Winter Emergency Car Kit. Essentials for winter, tips for staying safe, and more
I’m really disappointed in my Michigan winter so far! The last two years have bordered on brutal with words like Polar Vortex, Snowpocalypse, and the like being thrown around. This year it’s been practically balmy! Today the sun is shining and we’ve got highs into the 50’s all week!
Weak!! Though I know for one thing, Meaghan is super happy about this because she is dreading winter. Even though I am one of those weirdos who actually likes winter I can’t really say I blame here. Michigan winters can be intense. I was reminded of this by a post on Facebook about the storm of ’95…I was 8 at the time and we were visiting our grandparents in good old Sault Ste Marie.
For those who aren’t familiar with their Michigan geography this is a city right on the St Mary’s River between Lake Superior and Lake Huron. Winters there are no joke. But this particular year it snowed 5 feet OVERNIGHT. Yup. It was pretty awesome. But I was young, and didn’t have to worry about the realities of driving in those conditions, or dealing with the dangers of collapsing buildings, fires, and other emergencies.
Now that I am a full fledged grown up I have to think about those things, and as someone who also spends a lot of time in the car there are some very real things you should keep in mind during this time of year. I’ve pulled together my best advice for what to have in the car, and what knowledge to have because I want you all to stay safe this winter.
Lets start with what you should have in your car year round:
- Jumper Cable (and the knowledge of how to use them)
- At least 2 Roadside Flares
- A quart of oil
- Extra fuses
- Washer Fluid
- Tire inflator
- Tire gauge
- Multi-tool such as a Leatherman
- Duct tape
- Pen and paper
- Bottled water
- Protein Bar/granola bars/Nuts
- First Aid Kit
- Flashlight and NOAA weather radio
- Spare Tire
In the winter, you’re going to want to add a few items to keep you and your family safe.
- Blanket– thermal blankets don’t take up much room, otherwise a heavy quilt or two will help keep you warm if you have to wait for help.
- Ice Scraper– this is a standard in every car in Michigan, but it’s a good reminder to make sure you have a quality ice scraper in your care.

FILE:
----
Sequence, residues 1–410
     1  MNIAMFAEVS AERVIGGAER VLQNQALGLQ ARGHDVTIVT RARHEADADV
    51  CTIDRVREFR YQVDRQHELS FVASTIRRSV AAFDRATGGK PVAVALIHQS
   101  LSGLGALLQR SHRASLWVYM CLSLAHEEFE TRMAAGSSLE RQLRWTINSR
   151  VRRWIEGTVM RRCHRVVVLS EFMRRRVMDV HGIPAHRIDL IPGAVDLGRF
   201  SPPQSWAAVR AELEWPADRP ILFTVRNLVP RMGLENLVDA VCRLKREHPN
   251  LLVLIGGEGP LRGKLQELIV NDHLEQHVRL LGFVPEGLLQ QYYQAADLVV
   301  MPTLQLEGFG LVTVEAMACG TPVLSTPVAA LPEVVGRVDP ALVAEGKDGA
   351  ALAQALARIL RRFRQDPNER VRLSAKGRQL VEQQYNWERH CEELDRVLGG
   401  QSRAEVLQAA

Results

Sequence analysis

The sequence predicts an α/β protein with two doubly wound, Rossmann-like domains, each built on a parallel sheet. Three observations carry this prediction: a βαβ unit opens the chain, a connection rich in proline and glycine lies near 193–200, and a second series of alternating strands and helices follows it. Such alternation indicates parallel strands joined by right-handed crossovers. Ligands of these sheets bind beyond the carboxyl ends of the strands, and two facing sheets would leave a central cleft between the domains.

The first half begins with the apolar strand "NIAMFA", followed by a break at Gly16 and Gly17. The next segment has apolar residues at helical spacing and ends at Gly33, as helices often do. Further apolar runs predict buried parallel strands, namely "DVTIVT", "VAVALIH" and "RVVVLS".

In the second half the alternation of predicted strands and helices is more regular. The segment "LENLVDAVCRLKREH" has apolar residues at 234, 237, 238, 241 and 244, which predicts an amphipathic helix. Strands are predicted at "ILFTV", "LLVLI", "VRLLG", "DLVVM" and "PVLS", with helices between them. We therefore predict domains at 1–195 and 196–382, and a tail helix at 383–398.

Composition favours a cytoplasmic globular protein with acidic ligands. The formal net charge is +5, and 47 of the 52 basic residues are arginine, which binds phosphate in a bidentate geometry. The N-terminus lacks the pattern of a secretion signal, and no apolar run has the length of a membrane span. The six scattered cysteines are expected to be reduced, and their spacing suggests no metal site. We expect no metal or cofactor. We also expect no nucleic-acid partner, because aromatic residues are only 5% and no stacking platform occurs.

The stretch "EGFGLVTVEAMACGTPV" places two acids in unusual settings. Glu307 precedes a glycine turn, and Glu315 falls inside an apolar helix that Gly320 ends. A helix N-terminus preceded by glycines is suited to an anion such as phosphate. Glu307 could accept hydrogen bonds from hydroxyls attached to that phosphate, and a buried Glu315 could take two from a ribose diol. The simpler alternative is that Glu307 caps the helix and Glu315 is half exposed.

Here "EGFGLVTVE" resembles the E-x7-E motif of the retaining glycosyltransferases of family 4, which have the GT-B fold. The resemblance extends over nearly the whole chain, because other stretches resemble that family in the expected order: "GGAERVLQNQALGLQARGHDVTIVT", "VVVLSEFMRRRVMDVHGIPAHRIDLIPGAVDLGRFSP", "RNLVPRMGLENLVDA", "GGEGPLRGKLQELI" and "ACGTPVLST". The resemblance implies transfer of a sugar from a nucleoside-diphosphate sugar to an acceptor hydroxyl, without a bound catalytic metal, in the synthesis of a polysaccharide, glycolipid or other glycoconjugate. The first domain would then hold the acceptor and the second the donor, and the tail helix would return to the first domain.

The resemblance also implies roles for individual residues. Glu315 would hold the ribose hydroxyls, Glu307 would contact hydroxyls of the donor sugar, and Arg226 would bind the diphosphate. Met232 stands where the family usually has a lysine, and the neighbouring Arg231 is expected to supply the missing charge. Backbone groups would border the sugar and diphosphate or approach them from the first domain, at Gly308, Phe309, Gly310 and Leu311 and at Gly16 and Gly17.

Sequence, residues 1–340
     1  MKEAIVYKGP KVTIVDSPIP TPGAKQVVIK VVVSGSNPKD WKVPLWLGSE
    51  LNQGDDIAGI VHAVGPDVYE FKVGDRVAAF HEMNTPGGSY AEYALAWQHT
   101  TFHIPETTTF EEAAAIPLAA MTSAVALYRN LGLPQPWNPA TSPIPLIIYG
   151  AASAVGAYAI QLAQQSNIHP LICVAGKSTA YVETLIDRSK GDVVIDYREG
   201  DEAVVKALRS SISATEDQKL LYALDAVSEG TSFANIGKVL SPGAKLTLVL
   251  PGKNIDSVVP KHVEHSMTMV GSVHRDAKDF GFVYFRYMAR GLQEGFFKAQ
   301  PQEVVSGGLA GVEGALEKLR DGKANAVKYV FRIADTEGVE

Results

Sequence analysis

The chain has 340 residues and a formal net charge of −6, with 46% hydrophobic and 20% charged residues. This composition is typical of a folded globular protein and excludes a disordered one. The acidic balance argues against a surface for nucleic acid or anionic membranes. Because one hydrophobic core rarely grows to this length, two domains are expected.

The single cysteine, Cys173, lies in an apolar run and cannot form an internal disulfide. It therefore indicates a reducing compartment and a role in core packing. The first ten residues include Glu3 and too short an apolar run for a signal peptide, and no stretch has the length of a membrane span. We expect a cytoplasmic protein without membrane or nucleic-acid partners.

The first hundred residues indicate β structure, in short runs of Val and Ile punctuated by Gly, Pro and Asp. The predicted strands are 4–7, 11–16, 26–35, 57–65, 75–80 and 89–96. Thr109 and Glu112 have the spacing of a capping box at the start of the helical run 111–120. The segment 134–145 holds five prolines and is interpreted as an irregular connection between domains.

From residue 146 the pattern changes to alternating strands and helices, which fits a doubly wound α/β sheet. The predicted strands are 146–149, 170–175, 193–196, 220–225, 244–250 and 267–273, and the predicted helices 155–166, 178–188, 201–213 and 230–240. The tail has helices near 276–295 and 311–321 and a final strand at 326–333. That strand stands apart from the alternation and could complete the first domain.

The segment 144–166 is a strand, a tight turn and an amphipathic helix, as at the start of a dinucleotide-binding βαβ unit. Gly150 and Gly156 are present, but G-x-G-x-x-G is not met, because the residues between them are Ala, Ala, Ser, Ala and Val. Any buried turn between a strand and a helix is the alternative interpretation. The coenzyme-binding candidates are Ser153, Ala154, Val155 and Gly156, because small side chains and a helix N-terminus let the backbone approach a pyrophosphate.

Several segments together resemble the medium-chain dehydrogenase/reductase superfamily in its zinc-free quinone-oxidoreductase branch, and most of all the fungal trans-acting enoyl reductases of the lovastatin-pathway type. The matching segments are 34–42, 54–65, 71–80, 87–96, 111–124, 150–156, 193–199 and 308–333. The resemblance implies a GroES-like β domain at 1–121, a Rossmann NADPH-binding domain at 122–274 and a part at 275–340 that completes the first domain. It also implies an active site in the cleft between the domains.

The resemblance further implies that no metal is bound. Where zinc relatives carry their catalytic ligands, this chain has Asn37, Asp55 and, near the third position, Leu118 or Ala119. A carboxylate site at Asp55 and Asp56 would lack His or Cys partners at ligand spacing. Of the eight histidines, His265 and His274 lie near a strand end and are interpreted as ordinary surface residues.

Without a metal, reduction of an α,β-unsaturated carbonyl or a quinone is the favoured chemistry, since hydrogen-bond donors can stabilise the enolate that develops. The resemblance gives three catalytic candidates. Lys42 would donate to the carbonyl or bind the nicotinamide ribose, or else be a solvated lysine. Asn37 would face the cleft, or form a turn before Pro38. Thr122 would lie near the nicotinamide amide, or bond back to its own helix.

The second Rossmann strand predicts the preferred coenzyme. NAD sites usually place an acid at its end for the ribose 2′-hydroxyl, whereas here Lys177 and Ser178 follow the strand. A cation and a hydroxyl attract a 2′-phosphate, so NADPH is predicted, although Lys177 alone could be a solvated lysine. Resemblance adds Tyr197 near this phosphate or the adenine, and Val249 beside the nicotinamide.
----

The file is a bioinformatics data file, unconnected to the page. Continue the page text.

- Kitty litter or sand- This sounds crazy I know, but if you get stuck in a drift, or are having trouble getting traction kitty litter is amazing for helping! Sand also works nicely. As a bonus the extra weight in your trunk will help keep your car from drifting.
- Brightly-colored cloth– to tie to your antenna if you get stuck so that emergency vehicles will have an easier time spotting you.
If something bad does happen while you’re in the car and you do get trapped during a blizzard, these are some important things to remember:
- Do not leave your car- unless you can see help it is important to stay in the car and avoid becoming disoriented in the snow. If you’re on a busy road, it is really important to stay in the car to avoid being hit by on-coming traffic.
- Don’t leave the car running– in a blizzard the tail pipe can become clogged and back up into the car. Turn on the engine occasionally to keep warm, and keep the dome light on while it’s running.
- Move around– Don’t stay in one position for too long; move around and take turns sleeping if more than one person is in the car. But don’t over-exert yourself. Cold weather is hard on the heart, and over-exertion can lead to a heart attack.
Want to know the number one thing I have learned driving in bad weather? If you hit ice or start to slide, take your hands off the wheel and feet off the pedals. It sounds counter-intuitive – your first instinct will always be to slam on the brakes or correct the wheel.
I promise you that makes it worse! Let go of everything and let your car come to a stop naturally. Once you feel the car is back under your control, push the brake or gas gently and continue on your way. This advice has saved my life and could do the same for yours.
Hopefully this winter will be mild and lovely wherever you are and I hope that you’ll use this advice to keep you and your loved ones safe this year. Don’t become a statistic; if the weather is bad, don’t drive unless absolutely necessary. Take it slow and stay vigilant.
Keep at least a half tank of gas in the car at all times, and always have your cell phone charged so you can call for help if needed. Winter driving doesn’t have to be as scary as it seems. If you take the necessary precautions and know your own limitations, there is no reason you can’t make it through the worst of weather safe and sound!